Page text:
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Comment: Neil deGrasse Tyson HAS said something about race (Score 1) 459

by Valacosa (#48365929) Attached to: Black IT Pros On (Lack Of) Racial Diversity In Tech

What does Neil deGrasse Tyson have to say about racial diversity in astrophysics? That's right, nothing, so who fucking cares??

False. Neil deGrasse Tyson has an amazing story which is exactly about diversity in astrophysics. You can watch it for yourself here.

Factchecking is for winners.

Comment: That actually (sort of) makes sense. (Score 4, Interesting) 234

by Valacosa (#45861755) Attached to: Even After NSA Leaks, Government Still Trusted Over Private Firms

Ostensibly government exists to provide services. It's reasonable that one would have to provide information in the course of receiving these services. But, if a for-profit corporation is asking for personal information, it's almost assured to be part of a scheme to extract money from me.

Or to put it another way, there's only a very small chance government thugs will use my address to knock down my door, but a very large chance a company will use my address to send me spam. So I don't see why the result of the study is surprising.

Before you all flame me, I'm not American, and neither is this study.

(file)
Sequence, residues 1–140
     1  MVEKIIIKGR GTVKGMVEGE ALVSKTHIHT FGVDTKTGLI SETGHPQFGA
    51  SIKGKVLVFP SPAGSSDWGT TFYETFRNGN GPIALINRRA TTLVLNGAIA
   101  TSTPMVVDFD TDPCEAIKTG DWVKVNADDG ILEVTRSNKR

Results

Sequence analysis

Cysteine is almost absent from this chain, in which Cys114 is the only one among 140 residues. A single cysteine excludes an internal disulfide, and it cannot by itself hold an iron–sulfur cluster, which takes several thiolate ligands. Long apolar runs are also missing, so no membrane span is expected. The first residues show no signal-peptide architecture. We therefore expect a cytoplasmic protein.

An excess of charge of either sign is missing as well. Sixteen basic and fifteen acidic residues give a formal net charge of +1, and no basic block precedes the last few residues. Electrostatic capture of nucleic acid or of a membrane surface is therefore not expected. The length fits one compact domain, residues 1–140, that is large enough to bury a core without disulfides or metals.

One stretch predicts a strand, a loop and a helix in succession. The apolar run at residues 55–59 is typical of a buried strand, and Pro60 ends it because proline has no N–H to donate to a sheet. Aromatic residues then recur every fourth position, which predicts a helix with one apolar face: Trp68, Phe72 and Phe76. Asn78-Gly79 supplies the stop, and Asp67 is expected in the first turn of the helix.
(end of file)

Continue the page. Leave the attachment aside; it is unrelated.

Comment: Hopefully more clarification (Score 1) 303

by Valacosa (#38607142) Attached to: AP and 28 News Groups To Collect Fees From Aggregators

I have some answers for you:

Third-tier newspapers. Neighbourhood and college newspapers tend to be members of "newswires". That membership will grant the publication permission to print stories which are posted on the wire. Whenever a story in your city newspaper is prepended by "REUTERS" or "CANADIAN PRESS" or whatever, is a story from the wire. The Associated Press isn't forming NewsRight to chase community papers, because (at least the legitmate or mainstream papers) are already paying customers, and have been for decades.

Paraphrasing. In both American and Canadian copyright law, facts cannot be copyrighted — only creative works conveying facts (i.e. the writing itself). So paraphrasing a story is "okay" it's considered weaksauce journalism, but not illegal. Keep in mind that proper paraphrasing isn't trivial; it involves telling the story your own way, not just changing a couple of words in the original and passing it off as your own. That's "plagarism" (read: copyright infringement) and definitely illegal.

It's worth remembering that there are cases where permissive licenses are attached to text, either implicitly or explicitly. Companies want newspapers to reprint portions of their press releases (although again, "weaksauce journalism"), and occasionally there's a piece of relevant writing licensed under the Creative Commons (though these tend to be opinion pieces and columnists, not news. It's a bit more common for photos.)

I'm happy to try and answer any more questions. (I was the editor-in-chief of a university newspaper.)

Comment: Academics doesn't deserve live performances? (Score 4, Interesting) 212